Around Slovakia

District court releases indicted SIS officer
Presidential Palace lit with 1,000 Christmas lights
HZDS to file charges for 'Kill Mečiar' message
Thrown bomb fails to break window glass
Police raid leaves Roma child injured

District court releases indicted SIS officer

The Bratislava District I Court released former Slovak Intelligence Service (SIS) senior officer Michal H. on December 4 despite a prosecutor's request for his re-arrest. Michal H. had been in custody for six months under suspicion of illegal possession of arms, involvement in the disappearance of 200 SIS guns, fraud totalling two million Slovak crowns, and for involvement in the 1995 kidnapping of former President Michal Kováč's son Michal Kováč Jr..
The prosecutor requested the extended "preventive incarceration" on the grounds that Michal H. would continue his criminal activities when set free. Interior Ministry Chief Investigator Jaroslav Ivor said that the investigation would continue regardless of whether Michal H. is in or out of custody.

Bratislava's Presidential Palace is ablaze with lights.
photo: TASR

Presidential Palace lit with 1,000 Christmas lights

The Presidential Palace and the Presidential Garden in Bratislava were lit up on December 5 by over 10,000 decorative Christmas lights; 1,000 for the palace and the remaining 9,000 for the garden. To commemorate the occasion, President Rudolf Schuster and Santa Claus himself distributed presents to children from Bratislava, foreign students from Norway and students attending the European School in Vienna.

HZDS to file charges for 'Kill Mečiar' message

The Movement for a Democratic Slovakia (HZDS) will file a law suit against an unknown offender who published a call to "Kill Mečiar, please!" on the web-site of the Slovak Democratic Coalition (SDK), said HZDS secretary Jozef Grapa at a press conference in Bratislava on December 6.
Grapa also announced that HZDS legal experts have compiled 150 pages of collected statements made by ruling government officials. The statements are being examined by legal experts to determine whether legal complaints can be lodged against the offenders.

Považská Bystrica
Thrown bomb fails to break window glass

An unknown culprit attempted to throw a bomb through the window of a 77-year-old pensioner's home in Považská Bystrica on December 1. However, the explosive device did not break the glass and fell to the street without going off. The attempted bombing is the second of its kind in recent days. The police have since launched an investigation.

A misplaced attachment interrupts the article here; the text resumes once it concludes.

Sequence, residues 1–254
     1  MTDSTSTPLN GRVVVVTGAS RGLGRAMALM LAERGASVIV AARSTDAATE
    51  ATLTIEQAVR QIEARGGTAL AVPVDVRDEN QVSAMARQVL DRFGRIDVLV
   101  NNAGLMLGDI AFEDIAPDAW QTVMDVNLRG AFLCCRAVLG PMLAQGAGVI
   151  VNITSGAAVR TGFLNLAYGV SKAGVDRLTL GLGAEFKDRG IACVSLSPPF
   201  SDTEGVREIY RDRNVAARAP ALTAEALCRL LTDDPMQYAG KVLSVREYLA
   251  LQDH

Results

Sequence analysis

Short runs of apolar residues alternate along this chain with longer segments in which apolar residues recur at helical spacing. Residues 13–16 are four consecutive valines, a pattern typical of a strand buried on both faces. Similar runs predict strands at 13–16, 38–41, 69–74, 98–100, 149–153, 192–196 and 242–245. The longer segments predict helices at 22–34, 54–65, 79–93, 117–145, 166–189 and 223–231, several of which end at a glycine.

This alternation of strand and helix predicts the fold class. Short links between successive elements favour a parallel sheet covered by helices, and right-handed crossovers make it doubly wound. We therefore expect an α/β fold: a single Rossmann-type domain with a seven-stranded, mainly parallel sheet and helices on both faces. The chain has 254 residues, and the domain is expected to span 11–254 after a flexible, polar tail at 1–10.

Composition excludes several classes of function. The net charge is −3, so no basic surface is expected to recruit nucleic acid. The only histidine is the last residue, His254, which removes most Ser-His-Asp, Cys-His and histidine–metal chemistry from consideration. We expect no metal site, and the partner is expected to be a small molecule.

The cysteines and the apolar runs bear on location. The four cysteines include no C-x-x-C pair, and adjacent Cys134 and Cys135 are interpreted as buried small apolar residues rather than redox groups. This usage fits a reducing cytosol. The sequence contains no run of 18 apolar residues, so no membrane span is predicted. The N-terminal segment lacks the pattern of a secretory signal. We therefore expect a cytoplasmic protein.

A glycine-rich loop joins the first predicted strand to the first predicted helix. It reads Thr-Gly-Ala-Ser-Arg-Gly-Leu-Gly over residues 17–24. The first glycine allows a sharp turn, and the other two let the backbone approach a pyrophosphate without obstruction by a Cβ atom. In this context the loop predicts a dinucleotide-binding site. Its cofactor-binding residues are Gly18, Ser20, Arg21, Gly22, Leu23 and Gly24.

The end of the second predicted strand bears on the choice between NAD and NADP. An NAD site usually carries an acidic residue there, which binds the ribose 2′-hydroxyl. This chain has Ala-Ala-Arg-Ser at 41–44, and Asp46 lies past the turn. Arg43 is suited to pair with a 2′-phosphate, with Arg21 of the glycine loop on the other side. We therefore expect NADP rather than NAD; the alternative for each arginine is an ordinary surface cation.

Police raid leaves Roma child injured

A 14 year-old Romany boy was hospitalised after being shot in the leg by police with plastic bullets fired from a shot-gun during a December 2 police raid in the Romany village of Žehra and Dobrá Vola near Krompachy. Romany organisations publicly condemned the shooting as another case of Roma persecution, and said they would now consider joining many of their compatriots in leaving the country to seek asylum in western Europe.
The raid targeted a group of Romanies accused of injuring patrons at an all night motorway restaurant called Non-Stop Dravče on November 19. A Roma against Roma gang-fight involving baseball bats, sticks and chains erupted in which three people were injured and one is still missing.
The police used a special commando force for the raid because they believed the suspects were armed, said Police spokeswoman Jana Demjanovičová. At a December 6 press conference in Bratislava, Slovak Police Force President Ján Pipta said that "criminals, not Romanies, were targeted.'
During the raid, which was approved by a Spišská Nová Ves court judge, police uncovered one gun, a bayonet, several machetes, chains and baseball bats.
Seven men were detained and charged with causing bodily harm. Jaroslav M. (33) and Ivan H. (32), were charged with robbery and causing property damage.
The injured boy, identified as J.M., was taken to hospital in Krompachy. The police shot the rubber bullets to keep stray dogs away, but in J.M.'s case they opened fire because he refused to obey police orders.
Pipta said the raid began at 18:00 and lasted till 21:00. It was monitored by the director of the Slovak Criminal Police Department, who said that no citizen's rights were violated. Pipta added that reports on the private TV Markíza stating that personal belongings had been thrown out windows and furniture upended by police were false.

Compiled by Chris Togneri
from SITA and TASR

Get daily Slovak news directly to your inbox

Top stories

Pilot nationwide testing is over

The prime minister and the defence minister consider the pilot testing successful.

Zázrivá, the Dolný Kubín district

Trails and tribulations: the important work of Slovakia’s unpaid hiking route markers

But veteran trail marker says hikers need to pay attention to more than just signs.

Stanislav Kučera

Threats have worked. People queued for COVID testing before the official start

The nationwide testing in Slovakia started with four districts in the north. Here is a report from the first day in Orava.


Foreigner's Police will be closed during the lockdown

Those who have booked appointments from October 26-30 must reschedule.

The Foreigners' Police department in Dunajská Streda.